Surgical teams must avoid unnecessary intra-operative bleeding throughout the hysterectomy. Major intra-operative bleeding limits both visibility and can create undue urgency around bladder dissection. As such, urologic injuries have been shown to increase when intra-operative blood loss is greater.29 One suggested approach to mitigate this is primary dissection of the bladder prior to delivery, and this has been shown to facilitate identification and creation of the uterovesical plane prior to a potential intra-operative hemorrhage.27 In rare cases of suspected intraluminal bladder invasion, some authors recommend deliberate cystotomy, identification of the percreta villous tissue, and excision of the involved bladder region rather than pursuing a difficult dissection.29 52 An alternative option in some patients with severe bladder invasion is conservative management achieved by leaving the placenta in situ and performing delayed hysterectomy or expectant management for placental reabsorption, as described previously.27 In conclusion, depending on the suspected extent and localization of urinary tract involvement, urologists play an important role in prevention and treatment of ureteric injuries and in reconstructive surgery of the bladder and ureter, which may be required in up to one-third of these cases.53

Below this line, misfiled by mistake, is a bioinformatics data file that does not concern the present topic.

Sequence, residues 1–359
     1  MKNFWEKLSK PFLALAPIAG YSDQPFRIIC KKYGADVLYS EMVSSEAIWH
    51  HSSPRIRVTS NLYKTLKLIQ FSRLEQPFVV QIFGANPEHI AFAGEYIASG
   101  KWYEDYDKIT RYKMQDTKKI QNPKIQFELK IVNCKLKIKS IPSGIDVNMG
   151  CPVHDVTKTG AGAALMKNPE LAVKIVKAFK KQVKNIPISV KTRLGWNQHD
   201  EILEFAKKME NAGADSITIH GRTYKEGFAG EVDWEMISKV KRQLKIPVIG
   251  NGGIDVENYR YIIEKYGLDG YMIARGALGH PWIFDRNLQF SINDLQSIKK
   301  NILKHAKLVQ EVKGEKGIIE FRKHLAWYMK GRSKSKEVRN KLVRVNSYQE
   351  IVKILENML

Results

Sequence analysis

Most national and international obstetrical organizations have published placenta accreta spectrum guidelines endorsing an experienced multidisciplinary protocol-based team approach through the creation of regionalized ‘Centers of Excellence’ in diagnosis and management8–10 25 40 (Table 4). The specific makeup of surgical multidisciplinary teams has been well described and includes: an experienced obstetrician (often a maternal-fetal medicine specialist), an anesthesiologist with expertise in complex obstetric cases, a surgeon experienced in complex pelvic surgery (often a gynecologic oncologist), a urologist (with experience of open urologic surgery including ureteric re-implantation), an interventional radiologist, a colorectal surgeon, a vascular surgeon, and a hematologist.25 Pragmatically, this team should be available 24 hours a day, 7 days a week, with rapid access to ensure that expertise is available for emergent cases, which frequently arise.